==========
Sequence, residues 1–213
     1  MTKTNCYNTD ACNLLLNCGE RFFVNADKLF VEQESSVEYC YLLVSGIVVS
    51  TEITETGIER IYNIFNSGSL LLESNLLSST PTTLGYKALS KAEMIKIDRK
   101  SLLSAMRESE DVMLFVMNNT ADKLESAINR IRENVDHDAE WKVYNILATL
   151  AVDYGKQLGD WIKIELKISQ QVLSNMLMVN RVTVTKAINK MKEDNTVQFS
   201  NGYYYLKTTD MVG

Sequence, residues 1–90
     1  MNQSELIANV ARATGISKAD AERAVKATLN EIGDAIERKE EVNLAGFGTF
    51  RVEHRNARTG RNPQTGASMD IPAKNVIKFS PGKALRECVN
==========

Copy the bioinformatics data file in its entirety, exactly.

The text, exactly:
Sequence, residues 1–213
     1  MTKTNCYNTD ACNLLLNCGE RFFVNADKLF VEQESSVEYC YLLVSGIVVS
    51  TEITETGIER IYNIFNSGSL LLESNLLSST PTTLGYKALS KAEMIKIDRK
   101  SLLSAMRESE DVMLFVMNNT ADKLESAINR IRENVDHDAE WKVYNILATL
   151  AVDYGKQLGD WIKIELKISQ QVLSNMLMVN RVTVTKAINK MKEDNTVQFS
   201  NGYYYLKTTD MVG

Sequence, residues 1–90
     1  MNQSELIANV ARATGISKAD AERAVKATLN EIGDAIERKE EVNLAGFGTF
    51  RVEHRNARTG RNPQTGASMD IPAKNVIKFS PGKALRECVN